North out of London Wall at 119 to Finsbury Square (P.O. Directory).
The southern portion is in Coleman Street Ward, the northern portion in the borough of Finsbury, outside the City boundary.
First mention : O.S. 1848-51.
Former names : "Finsbury" (Rocque, 1746). "Finsbury Place South" (Greenwood, 1827-9).
In Strype, ed. 1720 and 1755 it is called "the Road" and is described as "the new row of good Houses not yet named" (ed. 1720, I. iii. 64).
Finsbury Place South
See Finsbury Pavement.
Fire Ball Alley
See Partridge Court.
Fire Ball court
East out of Houndsditch. In Portsoken Ward (25 Eliz. 1583) (Lond. Inq. p.m. III. p. 64) to O.S. 25 in. 1880).
The name of this Court is derived, as appears from the Inquisition above mentioned, from a messuage which stood here formerly called the Signe of the Ball and now (1583) the Signe of the "Fyrie Ball" in Hounesditch without Aldgate, held of the Queen as of her Priory of Christchurch, dissolved.
The "Fiery Ball" is mentioned also in the Will of Henry Elsing dated 1577 (End. Ch. Rep. 1829).
Moved for the continuation of Stoney Lane to Houndsditch.
National School erected at No. 7 in 1847, and used for this purpose until 1880. Sold to the School Board for London, 1885.
Fire Ball Court
Near First (Aldermanbury) Postern, London Wall (Strype, ed. 1755-Boyle, 1799).
Not named in the maps.
Fire of London
In 1666, from September 2nd to 6th.
Commenced at the house of a baker in Pudding Lane, near London Bridge, and spread through the narrow streets and lanes of the City with extraordinary rapidity. Its progress west was only stopped within the Temple precincts by the blowing up of some of the buildings near the church, the empty space thus provided serving to arrest its further progress.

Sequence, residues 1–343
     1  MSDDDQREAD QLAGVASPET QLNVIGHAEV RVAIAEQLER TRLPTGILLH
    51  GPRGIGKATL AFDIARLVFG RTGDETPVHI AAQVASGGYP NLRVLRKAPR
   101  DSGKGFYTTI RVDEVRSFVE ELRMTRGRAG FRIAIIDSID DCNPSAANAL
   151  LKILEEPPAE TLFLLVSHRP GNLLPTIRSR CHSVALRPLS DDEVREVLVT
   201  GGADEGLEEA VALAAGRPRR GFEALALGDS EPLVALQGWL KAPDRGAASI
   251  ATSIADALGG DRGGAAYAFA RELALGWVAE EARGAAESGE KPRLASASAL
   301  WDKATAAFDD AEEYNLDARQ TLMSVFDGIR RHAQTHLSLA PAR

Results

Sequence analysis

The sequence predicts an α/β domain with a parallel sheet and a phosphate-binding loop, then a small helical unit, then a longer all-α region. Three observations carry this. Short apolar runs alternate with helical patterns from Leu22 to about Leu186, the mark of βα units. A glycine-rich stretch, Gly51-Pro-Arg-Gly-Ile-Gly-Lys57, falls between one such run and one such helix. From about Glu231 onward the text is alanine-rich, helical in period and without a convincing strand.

Northwards it extended to Barber Surgeons' Hall in Monkwell Street (H. MSS. Com. 11th Rep. VII. 85).
It was stopped at the Temple, Fetter Lane, Pye Corner, Cow Lane, Little Britain, Aldersgate, Cripplegate, middle of Coleman Street and Broad Street, Bishopsgate and the middle of Fenchurch Street, 1666 (ib. 12th Rep. 42). After the fire, so complete was the ruin, that the Thames could be seen from Cheapside, 1666 (ib. 12th Rep. VII. 41-42).
The extent of the area destroyed within the City was 373 acres in addition to an extent of nearly 64 acres outside the walls, and 75 acres, 3 roods only remained within the walls. It consumed 89 parish churches, including St. Paul's Cathedral, besides chapels, and 13,200 houses. Eleven parishes only remained standing within the walls. The cause of the outbreak is unknown. It purged the City of the plague, but it destroyed many of its finest buildings, which might otherwise have survived as noble specimens of architectural beauty and as links with the past.